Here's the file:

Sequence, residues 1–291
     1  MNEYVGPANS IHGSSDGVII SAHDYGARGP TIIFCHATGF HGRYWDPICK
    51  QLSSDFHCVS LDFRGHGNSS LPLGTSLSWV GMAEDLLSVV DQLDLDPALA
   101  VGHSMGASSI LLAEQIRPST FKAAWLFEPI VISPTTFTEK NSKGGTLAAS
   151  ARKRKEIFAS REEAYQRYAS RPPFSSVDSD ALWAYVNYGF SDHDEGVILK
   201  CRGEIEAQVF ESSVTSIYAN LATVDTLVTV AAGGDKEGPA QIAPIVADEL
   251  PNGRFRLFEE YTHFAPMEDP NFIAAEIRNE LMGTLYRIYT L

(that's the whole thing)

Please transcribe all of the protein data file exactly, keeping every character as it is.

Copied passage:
Sequence, residues 1–291
     1  MNEYVGPANS IHGSSDGVII SAHDYGARGP TIIFCHATGF HGRYWDPICK
    51  QLSSDFHCVS LDFRGHGNSS LPLGTSLSWV GMAEDLLSVV DQLDLDPALA
   101  VGHSMGASSI LLAEQIRPST FKAAWLFEPI VISPTTFTEK NSKGGTLAAS
   151  ARKRKEIFAS REEAYQRYAS RPPFSSVDSD ALWAYVNYGF SDHDEGVILK
   201  CRGEIEAQVF ESSVTSIYAN LATVDTLVTV AAGGDKEGPA QIAPIVADEL
   251  PNGRFRLFEE YTHFAPMEDP NFIAAEIRNE LMGTLYRIYT L